9. 5 out of 5

    Katy

    Young readers will enjoy this brief rendition of the timeless novel. It drew in baby's attention with the word "sailor" which brought out a huge smile. Must have read the original in a previous life perhaps?

  10. 4 out of 5

    Siskiyou-Suzy

    Haven’t actually read Moby Dick so it was interesting to read it in this format. Very sparse and bleak but I love the little felt characters. Also, just introducing children to great literature is pretty cool.

  11. 4 out of 5

    Valeria Messalina

    Definitely an arduous read.

  12. 4 out of 5

    Michelle

    I love how Cozy Classics tries to sum up very dense, complicated reading into single words. If you don't already know what these classics are about then I wonder if people would be confused.

  13. 5 out of 5

    Lola

    I love the concept of one word with a picture. And the photos are super cute!

  14. 4 out of 5

    Carley Trumbower

    Concept/classic, published in 2016 This is a cute little summarization of a classic story that would be awesome for a child to read and then later connect to their future reading when they read the real Moby Dick in the future! These are great for very young kids because there is only one word per page.

  15. 5 out of 5

    Vidya Tiru

    I previously read the Cozy Classic version of Pride and Prejudice and was impressed – I fell in love with the totally adorable photos of the needle-felted characters and scenes. Moby Dick is as delightful as well. Again, the creators of this series use twelve words paired with these unique felted illustrations to bring their youngest readers the story of Moby Dick. Familiarity with the original story does help a lot but at the same time, this book does help in introducing these classics and inst I previously read the Cozy Classic version of Pride and Prejudice and was impressed – I fell in love with the totally adorable photos of the needle-felted characters and scenes. Moby Dick is as delightful as well. Again, the creators of this series use twelve words paired with these unique felted illustrations to bring their youngest readers the story of Moby Dick. Familiarity with the original story does help a lot but at the same time, this book does help in introducing these classics and instill a love of literature in the young. Adults can retell the story any which way, many different ways, or the very same way each time they open the book. My favorite illustration here is of the ship and my favorite word – crash! There are two more Cozy Classics (Les Miserables and War and Peace) coming out this year and I am looking forward to these. These are great gifts for adults who love classics and definitely for parents of infants and toddlers who are looking for great books to share with their young ones. A 3D experience without the need for glasses:) The website includes some more information for each book – a cozy version of the book if you need some help with relating the story, cast information, quotes from the book, as well as tips for parents to tell the story. Cozy Classics brings a wonderful new dimension to board books. Rating: A Reading Level: 0+ Reread Level: 5/5 (I am sure the little ones will be rereading this book many times over) Disclaimer: I had the digital ARC from NetGalley and received the actual board book from Jack and Holman Wang (thank you for this delightful addition to my library). There was no requirement to review or to provide a favorable one. This review is my honest opinion of the book. I just happen to love this book!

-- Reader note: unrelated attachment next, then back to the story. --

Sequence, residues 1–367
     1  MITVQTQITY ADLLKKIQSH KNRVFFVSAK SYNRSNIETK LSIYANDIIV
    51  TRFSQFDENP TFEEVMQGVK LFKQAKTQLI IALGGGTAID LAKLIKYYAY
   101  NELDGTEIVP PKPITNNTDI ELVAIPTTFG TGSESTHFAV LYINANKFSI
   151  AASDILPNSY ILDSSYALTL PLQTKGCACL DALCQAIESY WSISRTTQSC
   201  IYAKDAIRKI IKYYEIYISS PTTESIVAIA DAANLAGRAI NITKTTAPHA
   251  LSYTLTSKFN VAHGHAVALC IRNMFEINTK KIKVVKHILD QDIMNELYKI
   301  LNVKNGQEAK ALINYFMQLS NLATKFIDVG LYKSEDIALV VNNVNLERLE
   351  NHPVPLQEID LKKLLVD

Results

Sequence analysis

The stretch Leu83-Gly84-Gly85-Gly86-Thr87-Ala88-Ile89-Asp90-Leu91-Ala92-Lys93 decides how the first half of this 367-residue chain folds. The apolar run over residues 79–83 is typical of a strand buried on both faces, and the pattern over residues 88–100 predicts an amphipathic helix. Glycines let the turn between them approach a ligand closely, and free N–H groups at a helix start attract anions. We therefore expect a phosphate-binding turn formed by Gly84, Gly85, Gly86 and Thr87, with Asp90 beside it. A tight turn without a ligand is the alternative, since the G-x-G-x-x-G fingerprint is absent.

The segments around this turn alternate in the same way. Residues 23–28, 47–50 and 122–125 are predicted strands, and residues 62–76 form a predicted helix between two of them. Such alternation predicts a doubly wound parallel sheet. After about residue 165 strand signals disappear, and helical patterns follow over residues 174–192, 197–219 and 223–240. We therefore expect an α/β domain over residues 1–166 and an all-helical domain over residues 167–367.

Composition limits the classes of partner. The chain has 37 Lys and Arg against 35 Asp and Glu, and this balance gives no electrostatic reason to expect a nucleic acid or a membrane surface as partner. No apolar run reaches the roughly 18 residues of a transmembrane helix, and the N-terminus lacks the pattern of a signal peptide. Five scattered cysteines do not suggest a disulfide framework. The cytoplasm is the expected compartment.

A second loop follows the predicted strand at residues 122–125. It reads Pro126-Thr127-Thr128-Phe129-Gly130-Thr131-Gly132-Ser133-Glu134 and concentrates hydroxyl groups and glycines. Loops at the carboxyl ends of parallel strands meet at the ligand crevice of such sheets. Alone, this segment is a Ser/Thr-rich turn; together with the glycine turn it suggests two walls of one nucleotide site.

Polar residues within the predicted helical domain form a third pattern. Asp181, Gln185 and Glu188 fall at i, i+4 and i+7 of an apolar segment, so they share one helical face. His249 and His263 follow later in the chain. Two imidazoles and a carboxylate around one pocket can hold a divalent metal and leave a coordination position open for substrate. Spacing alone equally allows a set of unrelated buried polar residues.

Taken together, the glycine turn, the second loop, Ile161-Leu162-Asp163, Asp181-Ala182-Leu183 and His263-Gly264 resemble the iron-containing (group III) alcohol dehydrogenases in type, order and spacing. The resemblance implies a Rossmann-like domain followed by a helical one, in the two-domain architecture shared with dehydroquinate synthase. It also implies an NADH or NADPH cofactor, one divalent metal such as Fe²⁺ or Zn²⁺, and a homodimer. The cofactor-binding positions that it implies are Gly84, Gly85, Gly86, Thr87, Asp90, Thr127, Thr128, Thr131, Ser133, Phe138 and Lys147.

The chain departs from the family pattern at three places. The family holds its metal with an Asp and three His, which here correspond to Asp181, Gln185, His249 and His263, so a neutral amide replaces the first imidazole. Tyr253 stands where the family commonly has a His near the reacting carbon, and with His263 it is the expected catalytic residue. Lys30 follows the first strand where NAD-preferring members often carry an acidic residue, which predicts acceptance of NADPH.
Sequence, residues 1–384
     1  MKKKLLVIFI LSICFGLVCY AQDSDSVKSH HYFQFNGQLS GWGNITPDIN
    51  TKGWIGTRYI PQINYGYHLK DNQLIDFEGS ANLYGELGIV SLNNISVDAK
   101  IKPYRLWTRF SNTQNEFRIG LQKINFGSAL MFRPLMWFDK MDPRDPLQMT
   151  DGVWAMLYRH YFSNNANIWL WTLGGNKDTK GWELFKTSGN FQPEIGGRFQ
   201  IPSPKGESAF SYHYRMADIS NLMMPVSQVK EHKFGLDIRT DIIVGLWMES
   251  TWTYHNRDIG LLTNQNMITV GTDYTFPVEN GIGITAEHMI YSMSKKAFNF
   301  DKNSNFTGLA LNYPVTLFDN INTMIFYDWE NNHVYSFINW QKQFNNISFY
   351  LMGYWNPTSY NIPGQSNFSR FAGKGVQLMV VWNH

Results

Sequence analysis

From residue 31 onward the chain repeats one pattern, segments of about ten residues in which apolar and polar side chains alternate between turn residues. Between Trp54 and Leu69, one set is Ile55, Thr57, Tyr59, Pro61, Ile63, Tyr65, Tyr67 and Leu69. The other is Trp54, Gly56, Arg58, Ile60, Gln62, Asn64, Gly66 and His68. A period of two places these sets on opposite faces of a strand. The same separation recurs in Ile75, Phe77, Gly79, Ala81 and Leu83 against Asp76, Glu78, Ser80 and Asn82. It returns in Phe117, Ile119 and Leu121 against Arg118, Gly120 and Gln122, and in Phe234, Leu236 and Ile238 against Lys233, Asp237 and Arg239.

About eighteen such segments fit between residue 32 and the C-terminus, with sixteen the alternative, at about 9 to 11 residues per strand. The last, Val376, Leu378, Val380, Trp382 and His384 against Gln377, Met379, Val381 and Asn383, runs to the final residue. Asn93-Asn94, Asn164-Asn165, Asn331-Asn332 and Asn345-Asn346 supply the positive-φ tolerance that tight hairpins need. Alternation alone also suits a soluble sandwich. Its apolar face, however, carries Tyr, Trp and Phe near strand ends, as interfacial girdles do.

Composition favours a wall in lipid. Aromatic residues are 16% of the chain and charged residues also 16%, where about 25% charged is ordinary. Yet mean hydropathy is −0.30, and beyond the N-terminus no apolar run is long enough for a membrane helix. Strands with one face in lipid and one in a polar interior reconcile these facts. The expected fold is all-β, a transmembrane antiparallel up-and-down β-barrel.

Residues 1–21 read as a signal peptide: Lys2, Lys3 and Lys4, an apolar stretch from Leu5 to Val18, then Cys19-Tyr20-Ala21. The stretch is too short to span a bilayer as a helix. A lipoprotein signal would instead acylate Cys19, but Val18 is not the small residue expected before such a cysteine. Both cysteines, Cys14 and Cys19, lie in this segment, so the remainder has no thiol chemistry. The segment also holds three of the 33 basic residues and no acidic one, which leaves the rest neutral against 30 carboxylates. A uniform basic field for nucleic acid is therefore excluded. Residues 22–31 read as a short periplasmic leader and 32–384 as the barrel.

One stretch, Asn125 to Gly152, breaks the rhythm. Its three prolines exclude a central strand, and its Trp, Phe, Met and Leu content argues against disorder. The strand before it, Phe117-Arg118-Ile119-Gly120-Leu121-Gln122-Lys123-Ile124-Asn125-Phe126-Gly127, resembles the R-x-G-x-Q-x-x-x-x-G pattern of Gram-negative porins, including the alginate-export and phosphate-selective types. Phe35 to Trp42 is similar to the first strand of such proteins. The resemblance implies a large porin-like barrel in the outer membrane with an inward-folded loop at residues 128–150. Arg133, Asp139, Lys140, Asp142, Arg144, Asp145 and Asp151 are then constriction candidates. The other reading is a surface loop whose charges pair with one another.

16. 4 out of 5

    karenbee

    Okay, first of all, the felted objects and photography in the Wangs' retelling of Moby Dick -- I read the digital version, but IRL it's a board book for babies -- are PERFECT. ADORABLE, CLEVER, BEAUTIFUL, PERFECT. I cannot say enough good things about them. Telling the story of Moby-Dick in a baby-friendly way is a challenge, I suppose. Cozy Classics: Moby Dick uses twelve photographs, and pairs up a single word with each photograph. It can be confusing if you haven't read the classic text; I've Okay, first of all, the felted objects and photography in the Wangs' retelling of Moby Dick -- I read the digital version, but IRL it's a board book for babies -- are PERFECT. ADORABLE, CLEVER, BEAUTIFUL, PERFECT. I cannot say enough good things about them. Telling the story of Moby-Dick in a baby-friendly way is a challenge, I suppose. Cozy Classics: Moby Dick uses twelve photographs, and pairs up a single word with each photograph. It can be confusing if you haven't read the classic text; I've never read Melville's version and have only a passing familiarity with the original tale. I could gather the gist of it by reading this board book, but who knows how accurate I was. I do think the book, as a whole, could have benefited from having a unified theme in the words instead of trying to follow the original storyline; my 18-month-old could understand "boat" but there's a picture of an (ADORABLE) angry Ahab -- at least, that's who I think it is based on my sad half-knowledge -- that's been paired with the word "mad," which is a concept she really doesn't get yet. And "floating" didn't stand a chance. If all the words had been objects, it would have been smooth sailing (har har), but the mix of objects and emotions and action words (like "sail" and "find") is a little harder for her to grasp. That wouldn't stop me from picking up a copy of this book, though. I'd probably just change the words as I read it, to something more concrete for the little ones. It'd be worth it. The felting! The photography! AAAH SO CUTE. (three-and-half stars)